my primary MS doctor and the relentless researcher of MS,
who had stellar bedside manner and
who I really had to be talked into seeing by my eye doctor. In the end he became my first choice neuro doctor and I am very picky, being an "old neuro nurse".
I wrote this shortly after I found out he was gone.
I was sitting in the McDonalds parking lot,
Eating my lunch on the road where I work
(I still work full time, thanks Dr. P...)
And helping them access personal care.
The clinic called and my heart always skips a beat when they call me
Back to my other reality....
This is YOUR life, not some other sufferer.
They wanted to invite me to a tribute to Dr Panitch.
I was on the “a” list.
I looked around, was there anyone looking at me?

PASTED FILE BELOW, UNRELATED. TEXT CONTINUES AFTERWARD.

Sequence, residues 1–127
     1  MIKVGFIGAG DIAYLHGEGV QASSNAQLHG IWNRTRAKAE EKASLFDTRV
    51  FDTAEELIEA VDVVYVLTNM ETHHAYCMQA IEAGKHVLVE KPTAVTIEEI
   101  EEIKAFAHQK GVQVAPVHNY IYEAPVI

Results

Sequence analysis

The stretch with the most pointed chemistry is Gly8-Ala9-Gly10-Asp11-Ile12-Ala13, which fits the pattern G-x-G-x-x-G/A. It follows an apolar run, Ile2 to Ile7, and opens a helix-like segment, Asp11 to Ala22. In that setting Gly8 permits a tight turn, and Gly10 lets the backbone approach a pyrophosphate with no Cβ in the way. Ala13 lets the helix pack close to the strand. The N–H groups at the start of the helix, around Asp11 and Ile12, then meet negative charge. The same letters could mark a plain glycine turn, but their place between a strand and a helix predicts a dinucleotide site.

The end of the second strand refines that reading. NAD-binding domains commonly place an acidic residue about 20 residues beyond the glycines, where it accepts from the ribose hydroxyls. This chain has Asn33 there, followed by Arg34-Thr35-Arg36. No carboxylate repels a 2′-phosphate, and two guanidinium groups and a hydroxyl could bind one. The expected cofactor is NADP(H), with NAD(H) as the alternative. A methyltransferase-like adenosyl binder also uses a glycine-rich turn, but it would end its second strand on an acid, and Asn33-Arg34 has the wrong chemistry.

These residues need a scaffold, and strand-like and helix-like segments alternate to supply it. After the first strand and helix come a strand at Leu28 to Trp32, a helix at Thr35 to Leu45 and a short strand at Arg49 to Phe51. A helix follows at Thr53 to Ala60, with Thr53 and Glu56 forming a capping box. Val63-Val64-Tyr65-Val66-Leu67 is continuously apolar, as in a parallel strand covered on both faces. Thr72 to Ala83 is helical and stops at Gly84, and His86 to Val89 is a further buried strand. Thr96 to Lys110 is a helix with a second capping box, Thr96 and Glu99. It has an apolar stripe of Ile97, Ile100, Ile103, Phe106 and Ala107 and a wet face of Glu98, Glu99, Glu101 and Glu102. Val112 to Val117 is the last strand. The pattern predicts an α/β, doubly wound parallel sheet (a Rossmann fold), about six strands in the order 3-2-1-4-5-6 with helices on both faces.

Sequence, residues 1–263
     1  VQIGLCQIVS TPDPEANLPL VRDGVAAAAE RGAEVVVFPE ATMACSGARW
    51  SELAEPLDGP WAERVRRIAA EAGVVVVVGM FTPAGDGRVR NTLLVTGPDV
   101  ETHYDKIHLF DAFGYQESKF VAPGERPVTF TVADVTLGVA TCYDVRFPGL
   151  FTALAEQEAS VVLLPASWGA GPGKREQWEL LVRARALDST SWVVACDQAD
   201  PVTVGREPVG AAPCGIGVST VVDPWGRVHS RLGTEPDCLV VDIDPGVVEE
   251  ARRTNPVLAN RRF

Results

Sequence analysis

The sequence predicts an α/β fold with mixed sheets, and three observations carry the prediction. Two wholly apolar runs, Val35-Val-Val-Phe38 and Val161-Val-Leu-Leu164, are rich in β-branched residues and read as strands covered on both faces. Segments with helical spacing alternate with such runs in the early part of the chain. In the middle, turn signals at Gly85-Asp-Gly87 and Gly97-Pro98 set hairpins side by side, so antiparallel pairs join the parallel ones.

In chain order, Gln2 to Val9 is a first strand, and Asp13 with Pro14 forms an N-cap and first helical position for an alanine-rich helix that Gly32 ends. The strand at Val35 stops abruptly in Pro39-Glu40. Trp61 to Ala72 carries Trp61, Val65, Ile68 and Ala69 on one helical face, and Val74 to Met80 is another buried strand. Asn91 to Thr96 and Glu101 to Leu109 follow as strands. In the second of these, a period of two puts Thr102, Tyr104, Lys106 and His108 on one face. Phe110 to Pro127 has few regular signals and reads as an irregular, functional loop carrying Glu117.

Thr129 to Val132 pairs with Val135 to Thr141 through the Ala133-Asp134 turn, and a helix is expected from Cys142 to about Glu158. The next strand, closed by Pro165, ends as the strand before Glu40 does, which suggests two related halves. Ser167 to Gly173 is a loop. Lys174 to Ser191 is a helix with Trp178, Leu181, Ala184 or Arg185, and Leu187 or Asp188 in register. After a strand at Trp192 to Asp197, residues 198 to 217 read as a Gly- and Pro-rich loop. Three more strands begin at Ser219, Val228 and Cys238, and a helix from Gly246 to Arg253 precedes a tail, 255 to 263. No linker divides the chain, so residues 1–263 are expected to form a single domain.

Did anyone see? Hear?
I wanted to be polite, respectful,
I wanted to say, Yes.
My schedule flashing in my head.
How could I do that, I thought.
It is for the MS society.
The people who thought my MS story was too long and when I shortened it they said it wasn’t quite right.
But it is for Dr Panitch, I thought,
A lifetime achievement award.
No, I said, so plainly, No.
I am honored (and I was sincerely),
But I cannot do it.
I lived in two worlds,
The Neuro Nurse and the Neuro patient.
My friends, coworkers from 30 years ago would be there,
as health care professionals.
How would I fit in?
My world, a subset of both nurse and patient.
Hearing he is gone from our material world,
I am relieved I was not there,
That my memories can be of him standing in the hallway,
Trying to peek at my progress on his study meds,
Briefly making eye contact, I smiled at him,
Trying to say what he has done for me is appreciated.
He has bought me some time,
He has given me expensive cutting edge treatment I would have otherwise gone without,
He put his hand on my shoulder and said, “Don’t worry, we will take care of you.”
He meant every word.